When President Joe Biden nominated former Obama-era Food and Drug Administration Commissioner Dr. Robert Califf to return to his old post, he made what was widely seen as a safe, if uninspired, choice. He easily sailed through a Dec. 14 Senate committee hearing to vet him. "[Califf] gushed about his love of high-quality data, skillfully navigated questions on hot-button topics like abortion and drug pricing, and even had personal anecdotes about COVID-19 testing and opioid prescribing at the ready," according to Stat. Since then,...

With pandemic fatigue becoming ever more intense, there is increasing speculation about when the SARS-CoV-2 virus, which causes COVID-19, might become “endemic” – a time when outbreaks will be more modest and manageable and we can “coexist” with the virus. That juncture has been described as when the virus has become “annoying but rarely deadly or disruptive.” Unfortunately, there are no quantitative milestones that tell us when we’ve arrived. It’s really a judgment by individuals and society, and prematurely concluding that we’ve...

Gene editing, which allows precise edits to the genome, has been widely used for a variety of applications in laboratories worldwide since its discovery a decade ago. It has tremendous potential: Researchers hope to use it to alter human genes to eliminate diseases; improve the characteristics of plants; resist pathogens; and more. The two scientists who discovered the iconic gene editing technology, the CRISPR-Cas9 system, were awarded the 2020 Nobel Prize in Chemistry. In spite of the fact that gene editing is...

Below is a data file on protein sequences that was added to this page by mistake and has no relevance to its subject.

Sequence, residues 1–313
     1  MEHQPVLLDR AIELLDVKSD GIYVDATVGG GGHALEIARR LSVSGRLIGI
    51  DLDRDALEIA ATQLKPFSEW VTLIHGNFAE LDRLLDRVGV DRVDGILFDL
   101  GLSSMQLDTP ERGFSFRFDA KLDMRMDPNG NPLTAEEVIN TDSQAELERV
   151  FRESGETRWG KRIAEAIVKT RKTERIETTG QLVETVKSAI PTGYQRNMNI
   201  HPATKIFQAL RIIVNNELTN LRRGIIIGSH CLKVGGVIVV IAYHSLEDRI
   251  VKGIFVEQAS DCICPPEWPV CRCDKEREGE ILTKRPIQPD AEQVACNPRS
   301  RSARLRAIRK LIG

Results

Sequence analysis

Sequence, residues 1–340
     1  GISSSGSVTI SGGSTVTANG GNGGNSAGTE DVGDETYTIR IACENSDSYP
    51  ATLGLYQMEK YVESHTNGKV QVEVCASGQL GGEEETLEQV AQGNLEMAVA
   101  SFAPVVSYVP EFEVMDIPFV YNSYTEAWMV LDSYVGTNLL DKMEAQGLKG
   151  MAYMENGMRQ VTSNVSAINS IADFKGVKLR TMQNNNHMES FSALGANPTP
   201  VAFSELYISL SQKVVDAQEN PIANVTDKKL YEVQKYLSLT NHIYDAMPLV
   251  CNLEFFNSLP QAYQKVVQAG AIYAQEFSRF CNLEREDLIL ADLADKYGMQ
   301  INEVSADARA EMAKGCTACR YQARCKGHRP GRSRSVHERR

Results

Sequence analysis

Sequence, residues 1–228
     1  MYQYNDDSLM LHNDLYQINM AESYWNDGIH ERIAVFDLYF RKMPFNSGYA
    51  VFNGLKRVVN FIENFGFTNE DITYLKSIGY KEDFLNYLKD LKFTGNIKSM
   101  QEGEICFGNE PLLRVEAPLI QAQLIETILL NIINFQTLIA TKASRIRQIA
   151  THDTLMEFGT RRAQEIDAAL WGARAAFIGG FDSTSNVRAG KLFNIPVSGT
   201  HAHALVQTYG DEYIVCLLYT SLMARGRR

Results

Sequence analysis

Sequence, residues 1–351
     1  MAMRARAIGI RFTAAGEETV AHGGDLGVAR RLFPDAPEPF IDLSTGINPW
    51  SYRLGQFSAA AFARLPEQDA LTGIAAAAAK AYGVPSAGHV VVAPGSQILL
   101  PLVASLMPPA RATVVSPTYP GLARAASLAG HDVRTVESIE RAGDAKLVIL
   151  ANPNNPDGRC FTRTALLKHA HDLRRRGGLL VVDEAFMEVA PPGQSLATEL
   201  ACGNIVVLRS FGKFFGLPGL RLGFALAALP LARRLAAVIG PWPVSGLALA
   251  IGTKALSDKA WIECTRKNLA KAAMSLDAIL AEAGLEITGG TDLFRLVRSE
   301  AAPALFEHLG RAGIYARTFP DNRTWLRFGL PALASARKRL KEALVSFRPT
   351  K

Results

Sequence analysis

Dr. Henry Miller joins the John Batchelor Show to talk about the latest news coming out of the United Kingdom, NHS reports on omicron, how the new variant compares to other variants of the COVID-19 virus, and what it means for Europe and the United States. Miller also talks about how transmissible omicron is, how effective vaccines and boosters could be, and it's impact on lockdowns, mask mandates, and travel. ...

Dr. Henry Miller and John Batchelor breakdown the latest developments of Omicron, a new variant of the coronavirus that was recently detected in South Africa. Miller talks about the latest information regarding infections, vaccine efficacy, and how countries are responding to the news. ...

This year's influenza ("flu") season, which has already begun in some parts of the country, revs up in November, and last until spring, will be made more ominous than ever by the current high numbers of COVID-19 cases in many parts of the nation. The coincidence of infections in the population by the two highly infectious respiratory viruses has the potential to create a "twindemic" for our already stressed healthcare infrastructure. As of October 7th, daily cases of COVID-19 nationally were...